“The Bonsoir Diaries” by Kumar de Silva is a cocktail of chapters, bursting at their seams with pithy asides, a trail of faux pas, and tit-bits from behind the scenes, marinated with anecdotes and drizzled with nostalgia, revealing everything you never saw on your favourite television show…from the ‘80s through the ‘90s into 2000.
When French novelist Victor Hugo (1802-1885) wrote his hugely successful epic novel Les Misérables, not in his wildest dreams would he ever have realised that this story would inspire successive stage and film versions down the years.
Two centuries later, characters such as the absurdly criminalised Valjean, the street urchin Gavroche, the rascally innkeeper Thénardier, the implacable Agent de Police Javert, and the pitiful figure of the prostitute Fantine and her daughter Cosette have all entered the pantheon of literary dramatis personae.
Colombo’s theatre lovers were privileged when Jerome L. de Silva and his enthusiastic band of The Workshop Players decided to do Les Mis the musical at the Lionel Wendt in Colombo in October 1996.
It had a multiple-night run and ran to packed and highly appreciative houses. Among the large cast, averaging 19 or 20 years, were Jehan Aloysius, Sanjeev Jayaratnam, Kevin Franke, Michael Holsinger, Ruwanthi de Chickera, and Samantha de Silva Wijeratne, all of whom are well-known names today in their respective spheres of work.
We at Bonsoir jumped at the idea of doing a special programme on this much-loved story turned into a much-loved musical. And so we packed our camera and cables and whatnots, and made our pilgrimage to the Wendt.
The story was gripping and the songs were haunting. We followed the cast as they went through their paces under the critically watchful eye and masterly direction of JLdeS. The performances were brilliant. They were tight, well paced, and kept the audiences spellbound. This was stagecraft and vocal virtuosity at their very best.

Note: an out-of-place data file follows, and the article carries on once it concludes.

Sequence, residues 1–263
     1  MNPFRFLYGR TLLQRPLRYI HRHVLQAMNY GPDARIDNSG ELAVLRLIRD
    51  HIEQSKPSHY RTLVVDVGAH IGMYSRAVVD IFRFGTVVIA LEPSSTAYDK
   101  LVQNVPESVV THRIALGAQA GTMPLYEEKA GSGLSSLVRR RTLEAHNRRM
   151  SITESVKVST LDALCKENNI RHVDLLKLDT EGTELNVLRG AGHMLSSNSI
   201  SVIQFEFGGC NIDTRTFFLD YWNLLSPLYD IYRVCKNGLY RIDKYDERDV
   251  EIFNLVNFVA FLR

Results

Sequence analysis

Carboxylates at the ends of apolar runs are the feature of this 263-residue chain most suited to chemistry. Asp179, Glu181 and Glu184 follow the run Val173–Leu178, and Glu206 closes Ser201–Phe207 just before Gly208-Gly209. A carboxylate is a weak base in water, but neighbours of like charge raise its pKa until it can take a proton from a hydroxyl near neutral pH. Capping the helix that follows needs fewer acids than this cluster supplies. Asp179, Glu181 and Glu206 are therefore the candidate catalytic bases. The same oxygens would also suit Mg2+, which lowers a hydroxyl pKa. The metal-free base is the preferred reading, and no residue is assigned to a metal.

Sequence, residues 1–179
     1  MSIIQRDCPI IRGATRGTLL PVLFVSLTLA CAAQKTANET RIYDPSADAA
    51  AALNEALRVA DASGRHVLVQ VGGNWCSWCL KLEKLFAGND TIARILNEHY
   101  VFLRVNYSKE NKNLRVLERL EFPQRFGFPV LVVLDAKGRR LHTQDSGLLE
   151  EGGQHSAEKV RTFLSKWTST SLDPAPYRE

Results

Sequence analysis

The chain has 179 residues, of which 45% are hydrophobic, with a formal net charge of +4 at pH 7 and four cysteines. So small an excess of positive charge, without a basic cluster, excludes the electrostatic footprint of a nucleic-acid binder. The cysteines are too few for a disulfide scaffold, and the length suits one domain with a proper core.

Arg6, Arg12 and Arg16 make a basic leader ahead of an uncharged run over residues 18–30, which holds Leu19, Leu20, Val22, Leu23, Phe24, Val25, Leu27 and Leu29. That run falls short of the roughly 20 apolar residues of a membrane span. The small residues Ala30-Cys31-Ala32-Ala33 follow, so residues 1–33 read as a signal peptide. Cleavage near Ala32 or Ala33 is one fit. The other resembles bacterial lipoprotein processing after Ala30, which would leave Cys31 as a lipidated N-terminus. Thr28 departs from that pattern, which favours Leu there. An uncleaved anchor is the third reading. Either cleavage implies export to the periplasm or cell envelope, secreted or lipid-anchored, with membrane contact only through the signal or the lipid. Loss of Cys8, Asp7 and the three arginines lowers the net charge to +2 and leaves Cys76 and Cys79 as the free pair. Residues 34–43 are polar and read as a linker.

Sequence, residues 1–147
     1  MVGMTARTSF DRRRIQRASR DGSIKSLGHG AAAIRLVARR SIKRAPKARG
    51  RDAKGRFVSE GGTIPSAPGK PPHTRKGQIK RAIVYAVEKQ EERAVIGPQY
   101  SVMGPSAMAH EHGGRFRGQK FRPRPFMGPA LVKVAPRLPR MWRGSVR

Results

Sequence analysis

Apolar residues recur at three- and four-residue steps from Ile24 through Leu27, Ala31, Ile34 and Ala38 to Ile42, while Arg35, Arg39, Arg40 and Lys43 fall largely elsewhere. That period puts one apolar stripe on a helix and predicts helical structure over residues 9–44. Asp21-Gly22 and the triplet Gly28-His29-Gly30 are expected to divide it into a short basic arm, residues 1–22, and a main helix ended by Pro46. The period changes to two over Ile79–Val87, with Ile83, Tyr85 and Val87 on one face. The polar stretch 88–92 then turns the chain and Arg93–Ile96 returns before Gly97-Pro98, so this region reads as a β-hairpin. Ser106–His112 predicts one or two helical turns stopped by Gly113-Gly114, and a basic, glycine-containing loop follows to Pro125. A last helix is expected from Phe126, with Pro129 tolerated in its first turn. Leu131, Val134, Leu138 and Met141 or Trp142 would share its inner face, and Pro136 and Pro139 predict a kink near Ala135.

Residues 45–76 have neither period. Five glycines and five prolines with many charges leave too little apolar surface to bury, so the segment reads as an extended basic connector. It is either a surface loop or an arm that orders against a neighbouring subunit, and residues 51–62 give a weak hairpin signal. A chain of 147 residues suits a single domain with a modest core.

Surein de Silva Wijeyeratne, one of the famous de Silva Wijeyeratne siblings, recalled playing 11 different characters throughout the production, from student, revolutionary, and drunkard to pervert, farmer, ghost, and more. His francophone Francophile sister Samantha was also everywhere in the show, from factory woman and grieving widow to whore and whatnot.
Two performances that were stellar, in my opinion, were those of Jehan Aloysius (19) as the protagonist, Jean Valjean, and Sanjeev Jeyaratnam (26) as Inspecteur Javert. These were two young men, playing characters much, much older than their real selves.
And so for several nights at the Wendt, Colombo’s theatre lovers lived through a historical time warp as they were transported to early 19th-Century Paris and literally experienced, firsthand, life the way it was lived in the French capital. Les Mis was such a hit that it had a successful rerun four months later in February 1997, once again to packed and highly appreciative houses.
Yes, we were enthralled by the performance; we were awed by acting; we were inspired by the singing, but how many in the audience those multiple nights at the Lionel Wendt ever realised the gigantic effort that went on back stage and off stage (and even on stage at times)? I refer to the crew. There were many of them, about 40 in all, ensuring that the split-second timing went to perfection and it very well did.
This was the second time that The Workshop Players was using a rotating stage, the first being for Cats in 1994. Surein de Silva Wijeyeratne recalls thus: “The one we used for Les Mis was huge! It was almost the length and width of the entire Lionel Wendt stage. The challenge here was we had no clue how to technically build or even power such a monstrosity. We had to have seven or eight guys wearing canvas gloves, placed in the two feet available UNDER this contraption, pulling and pushing with all their might!
“…I feel proud to be able to say that I died on those barricades of France. A feeling very close to patriotism! It was the highlight of the show for us. Sounds, smoke surrounding us, music in our ears, ‘guns’ in our hands, and a song in our hearts. We all took extra care to make each of our deaths as ‘dramatic’ as possible…either falling or landing in deathly looking poses on the barricades, some of us hanging upside down for extra effect. One famous line shouted at us by Jerome during our rehearsals was: ‘Put more life into your deaths.’”
PS 01: On a visit to Paris, a month after Les Mis hit Colombo, in all enthusiasm, I remember trying to locate the house at No. 55, rue Plumet which had been rented by Jean Valjean under the assumed name of Ultime Fauchelevent, and in which he had housed Cosette. My quest proved futile. The passage of time had taken its toll. It had disappeared from sight.
The views and opinions expressed in this column are those of the author, and do not necessarily reflect those of this publication.